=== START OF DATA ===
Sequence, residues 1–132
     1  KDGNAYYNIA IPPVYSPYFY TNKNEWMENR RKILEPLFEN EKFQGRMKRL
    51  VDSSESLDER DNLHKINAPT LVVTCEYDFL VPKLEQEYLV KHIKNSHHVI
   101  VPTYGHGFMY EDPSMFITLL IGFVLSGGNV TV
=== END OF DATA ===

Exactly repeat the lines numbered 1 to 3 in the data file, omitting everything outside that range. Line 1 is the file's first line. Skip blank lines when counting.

Sequence, residues 1–132
     1  KDGNAYYNIA IPPVYSPYFY TNKNEWMENR RKILEPLFEN EKFQGRMKRL
    51  VDSSESLDER DNLHKINAPT LVVTCEYDFL VPKLEQEYLV KHIKNSHHVI